The government's telecommunications company restricted access to numerous Web sites considered pornographic, culturally or politically sensitive, or competitive with local telecommunications services. The criteria for blocking Internet sites were not transparent. The government placed warnings on other Web sites that criticism of the sultan or personal criticism of government officials would be censored and could lead to police questioning, which increased self-censorship. The government also monitored Internet communications and reportedly questioned some chat room contributors who were critical of government officials or policies, or whose postings precipitated criticism, after tracking the contributors through their Internet service provider addresses.
The country's former most popular chat room site, al-Sablah al-Omania, remained closed at year's end. In January 2007 police arrested the site's founder and 10 of his associates for publishing comments critical of government officials. After a four-month trial, a court of first instance acquitted the founder and three codefendants on charges of slander but fined the six other defendants and sentenced one defendant to one month in jail. Although several sites served as replacements for al-Sablah, all were rigorously cautious concerning content, and moderators reportedly quickly deleted potentially offensive material.
The government restricted academic freedom, particularly publishing or discussing controversial matters such as domestic politics, through the threat of dismissal. As a result, academics generally practiced self-censorship. There were no reported cases during the year in which the government dismissed an academic on these grounds.
The government restricted NGO activity. There were no registered domestic human rights NGOs or fully autonomous human rights groups in the country. On November 16, the government established a human rights commission to protect and report on human rights via the State Council to the sultan.
The government allowed several international organizations to work in the country without interference, including the UN Children's Fund, the World Health Organization, and the International Labor Organization (ILO).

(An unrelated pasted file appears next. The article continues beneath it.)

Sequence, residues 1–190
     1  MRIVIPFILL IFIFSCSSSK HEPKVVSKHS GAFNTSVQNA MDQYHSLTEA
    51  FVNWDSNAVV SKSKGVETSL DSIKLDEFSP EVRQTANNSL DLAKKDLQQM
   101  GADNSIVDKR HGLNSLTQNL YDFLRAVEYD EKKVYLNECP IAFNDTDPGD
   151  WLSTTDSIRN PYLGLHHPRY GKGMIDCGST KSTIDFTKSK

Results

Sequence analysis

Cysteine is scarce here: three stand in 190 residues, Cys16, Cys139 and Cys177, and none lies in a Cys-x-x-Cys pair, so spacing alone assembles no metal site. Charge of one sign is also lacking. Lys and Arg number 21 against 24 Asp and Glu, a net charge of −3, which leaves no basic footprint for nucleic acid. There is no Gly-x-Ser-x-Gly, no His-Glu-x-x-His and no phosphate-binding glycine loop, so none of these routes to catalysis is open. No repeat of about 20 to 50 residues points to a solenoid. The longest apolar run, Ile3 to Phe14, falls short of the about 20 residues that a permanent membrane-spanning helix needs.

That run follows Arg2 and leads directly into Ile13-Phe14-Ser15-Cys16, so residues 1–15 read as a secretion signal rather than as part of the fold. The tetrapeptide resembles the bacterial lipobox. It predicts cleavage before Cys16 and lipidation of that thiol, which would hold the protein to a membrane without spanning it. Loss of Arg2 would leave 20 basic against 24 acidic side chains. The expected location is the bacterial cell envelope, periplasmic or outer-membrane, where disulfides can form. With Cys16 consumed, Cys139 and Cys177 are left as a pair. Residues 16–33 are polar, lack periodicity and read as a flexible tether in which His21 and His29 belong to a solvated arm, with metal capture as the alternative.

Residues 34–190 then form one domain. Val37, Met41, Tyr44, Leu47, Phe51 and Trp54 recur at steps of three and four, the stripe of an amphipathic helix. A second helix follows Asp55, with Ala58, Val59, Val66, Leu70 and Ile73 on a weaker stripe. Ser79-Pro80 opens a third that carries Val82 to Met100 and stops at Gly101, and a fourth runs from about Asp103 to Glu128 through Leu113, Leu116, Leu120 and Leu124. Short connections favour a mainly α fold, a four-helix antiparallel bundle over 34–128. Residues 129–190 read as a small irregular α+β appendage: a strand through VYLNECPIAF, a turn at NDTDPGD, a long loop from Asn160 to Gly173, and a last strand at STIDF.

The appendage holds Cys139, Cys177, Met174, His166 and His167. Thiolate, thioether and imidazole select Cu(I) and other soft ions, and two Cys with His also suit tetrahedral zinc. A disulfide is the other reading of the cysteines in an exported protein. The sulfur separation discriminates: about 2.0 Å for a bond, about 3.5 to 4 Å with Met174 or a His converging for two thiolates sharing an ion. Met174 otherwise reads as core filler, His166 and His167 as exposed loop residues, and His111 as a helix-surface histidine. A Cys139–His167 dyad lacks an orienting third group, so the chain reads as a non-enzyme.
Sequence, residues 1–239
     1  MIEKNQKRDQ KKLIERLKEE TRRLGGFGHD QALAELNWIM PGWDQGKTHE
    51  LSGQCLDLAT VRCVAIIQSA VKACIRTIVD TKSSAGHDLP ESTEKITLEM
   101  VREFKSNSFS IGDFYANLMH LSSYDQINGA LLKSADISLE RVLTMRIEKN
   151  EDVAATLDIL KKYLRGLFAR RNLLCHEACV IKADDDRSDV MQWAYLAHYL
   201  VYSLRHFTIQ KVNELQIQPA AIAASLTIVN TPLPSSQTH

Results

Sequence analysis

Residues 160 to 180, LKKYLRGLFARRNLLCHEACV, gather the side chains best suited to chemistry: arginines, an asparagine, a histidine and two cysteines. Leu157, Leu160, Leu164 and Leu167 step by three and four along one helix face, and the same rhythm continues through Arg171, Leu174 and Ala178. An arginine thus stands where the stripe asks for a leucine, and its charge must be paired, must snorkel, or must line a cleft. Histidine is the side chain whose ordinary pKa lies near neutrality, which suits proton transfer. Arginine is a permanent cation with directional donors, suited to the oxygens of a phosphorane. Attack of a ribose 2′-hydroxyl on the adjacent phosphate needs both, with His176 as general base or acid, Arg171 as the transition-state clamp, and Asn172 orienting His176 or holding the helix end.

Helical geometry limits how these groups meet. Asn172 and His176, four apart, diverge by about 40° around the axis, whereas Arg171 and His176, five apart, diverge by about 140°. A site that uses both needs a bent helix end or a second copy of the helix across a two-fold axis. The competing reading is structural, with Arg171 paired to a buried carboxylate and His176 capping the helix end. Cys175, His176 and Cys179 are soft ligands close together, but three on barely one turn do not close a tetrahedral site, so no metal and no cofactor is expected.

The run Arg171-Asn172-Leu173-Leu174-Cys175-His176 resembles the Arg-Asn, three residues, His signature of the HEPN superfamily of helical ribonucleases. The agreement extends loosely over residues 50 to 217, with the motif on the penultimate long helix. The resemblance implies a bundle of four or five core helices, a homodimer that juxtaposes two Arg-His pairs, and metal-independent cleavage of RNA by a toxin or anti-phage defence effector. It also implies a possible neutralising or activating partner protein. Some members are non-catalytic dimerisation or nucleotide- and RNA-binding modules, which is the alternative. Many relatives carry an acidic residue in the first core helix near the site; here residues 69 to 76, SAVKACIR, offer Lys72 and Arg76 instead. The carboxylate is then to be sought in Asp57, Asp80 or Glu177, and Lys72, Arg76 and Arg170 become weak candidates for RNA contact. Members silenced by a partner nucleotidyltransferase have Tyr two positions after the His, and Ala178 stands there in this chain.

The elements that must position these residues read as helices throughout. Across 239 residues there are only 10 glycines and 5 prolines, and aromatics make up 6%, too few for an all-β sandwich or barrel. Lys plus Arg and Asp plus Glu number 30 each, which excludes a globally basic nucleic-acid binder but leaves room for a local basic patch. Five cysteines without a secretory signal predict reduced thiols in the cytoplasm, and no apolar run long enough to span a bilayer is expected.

According to a 2006 report by the World Health Organization, female genital mutilation (FGM) occurred in rural areas to a limited extent. There is no law prohibiting FGM, but the Ministry of Health prohibited doctors from performing the procedure in hospitals. The problem remained sensitive and was not discussed publicly. Planners at the Ministry of Health have not taken action to eliminate FGM.
There were no public reports of violence against children; however, FGM allegedly was performed on some girls ages one to nine.
There were no reports of discrimination against persons with HIV/AIDS.
Child labor did not exist in any formal industry.
The minimum wage for citizens of 140 rials (approximately $364) per month did not provide a decent standard of living for a worker and family. ...There is no minimum wage for foreign workers. There were reports that migrant laborers in some firms and households worked more than 12-hour days for as little as 30 rials ($78) per month. The MOM effectively enforced the minimum wage for citizens.
The penal code criminalizes homosexuality, with a jail term of six months to three years; however, there were no reports of prosecutions for homosexual conduct during the year.
Observant readers will pleased to note that frequent commentator Mr T was apparently not successfully prosecuted last year...
This view on things seemed appropriate...